Grace & Bubbles by Bill Blevins (sailorbill @ Flikr)It’s not a perfect metaphor, but when describing the concept to others, I’ve been using the analogy of the “attachment” dogs. Imagine three dogs in the backyard that find the door to the house has been shut on them. The “secure” Labrador lays down at the door and patiently waits to be let in. The “anxious” Border Collie is hyper-alert, notices the door closing before it is even all the way shut, runs at it and barks to be let in. Once let in, it calms back down in happy contentment at the feet of its attachment figure. The “avoidant” Pomeranian sees the closed door, has an epiphany and says to itself “I didn’t want all that attention anyway. Why should only cats be free spirits,” and escapes by digging under the fence. Each dog is just behaving according to its nature.

It turns out that I am that Border Collie. Vigilant, loyal, high strung. As described in my intro, I am overtly romantic & attentive but it turns out I also have the potential to be very needy. However, given that I am surrounded by so many “secure” people and I am married to an amazing secure woman, I didn’t really know that I was “anxious” until very recently. As the authors state, “Attachment principles teach us that most people are only as needy as their unmet needs.” Protected in my “secure” bubble, I had no idea I even had a needy side.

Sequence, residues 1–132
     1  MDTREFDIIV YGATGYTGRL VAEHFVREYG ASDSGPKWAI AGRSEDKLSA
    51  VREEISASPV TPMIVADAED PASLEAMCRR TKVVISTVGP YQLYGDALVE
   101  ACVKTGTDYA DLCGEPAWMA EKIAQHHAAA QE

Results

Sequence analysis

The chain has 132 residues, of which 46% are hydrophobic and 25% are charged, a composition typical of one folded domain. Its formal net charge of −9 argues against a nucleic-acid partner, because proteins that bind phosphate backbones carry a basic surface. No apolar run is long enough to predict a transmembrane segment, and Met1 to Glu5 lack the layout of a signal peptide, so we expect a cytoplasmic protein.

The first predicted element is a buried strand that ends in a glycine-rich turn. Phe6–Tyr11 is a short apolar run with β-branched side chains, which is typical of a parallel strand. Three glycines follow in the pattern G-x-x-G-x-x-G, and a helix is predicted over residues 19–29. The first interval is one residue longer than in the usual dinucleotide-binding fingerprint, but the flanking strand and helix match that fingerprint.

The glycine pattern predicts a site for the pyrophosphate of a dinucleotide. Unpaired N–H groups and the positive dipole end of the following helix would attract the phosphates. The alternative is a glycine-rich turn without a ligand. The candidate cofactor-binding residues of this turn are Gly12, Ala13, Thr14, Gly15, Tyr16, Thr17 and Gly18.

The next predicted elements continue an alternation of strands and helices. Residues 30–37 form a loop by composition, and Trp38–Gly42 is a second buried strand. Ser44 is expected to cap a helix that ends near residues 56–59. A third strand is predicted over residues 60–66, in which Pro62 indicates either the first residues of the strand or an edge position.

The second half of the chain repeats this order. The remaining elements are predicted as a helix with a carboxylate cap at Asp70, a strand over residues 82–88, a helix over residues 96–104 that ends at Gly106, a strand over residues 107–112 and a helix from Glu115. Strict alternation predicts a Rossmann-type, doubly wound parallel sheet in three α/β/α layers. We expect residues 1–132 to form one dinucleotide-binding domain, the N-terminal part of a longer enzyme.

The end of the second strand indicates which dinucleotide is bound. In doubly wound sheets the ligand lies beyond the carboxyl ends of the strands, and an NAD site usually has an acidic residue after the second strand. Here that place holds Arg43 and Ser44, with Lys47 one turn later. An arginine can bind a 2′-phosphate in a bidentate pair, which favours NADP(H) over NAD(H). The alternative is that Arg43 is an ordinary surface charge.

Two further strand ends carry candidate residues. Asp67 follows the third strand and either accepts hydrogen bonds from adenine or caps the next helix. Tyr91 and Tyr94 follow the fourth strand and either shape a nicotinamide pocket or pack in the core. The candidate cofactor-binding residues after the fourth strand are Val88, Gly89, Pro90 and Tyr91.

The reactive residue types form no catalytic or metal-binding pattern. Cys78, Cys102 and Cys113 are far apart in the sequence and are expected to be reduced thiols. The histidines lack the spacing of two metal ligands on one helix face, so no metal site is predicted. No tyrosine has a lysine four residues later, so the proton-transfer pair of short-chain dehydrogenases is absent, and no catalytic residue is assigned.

However, it turns out problems can arise when people with different attachment styles interact. In my metaphor above, imagine what would happen if the “Anxious” Border Collie tried to maintain its attachment to the avoidant Pomeranian by herding it and pulling at its coat to keep it in the yard. You can just imagine the fur flying. In the book, this exact phenomenon is described in the chapter called “The Anxious-Avoidant Trap” and sadly, it described to the letter a relationship implosion I recently experienced with an “avoidant” friend. The more I tried to mend the relationship and seek out face-time to resolve things I perceived as problems, the more my friend distanced. The cycle spun out of control and ate at my soul. In the end, we parted ways. My friend couldn’t handle my neediness; I couldn’t handle the perceived shunning. Had I read the book earlier, I could have identified the avoidant behavior, made the decision to part ways much sooner or (more likely) could have prepared myself to “settle” for a more distant, acquaintance level relationship without inciting all the drama.

This is where “Attached” has the potential to be such a life-changing book. It will help you understand your own attachment needs and identify the attachment styles of those closest to you and, in so doing, it will enable you to make decisions about your relationships that are beneficial to everyone involved. In challenging our pathological North American obsession with independence, Levine & Heller have created a book that I believe will literally transform the relationship landscape of our day.

Related: Q & A with @attachedthebook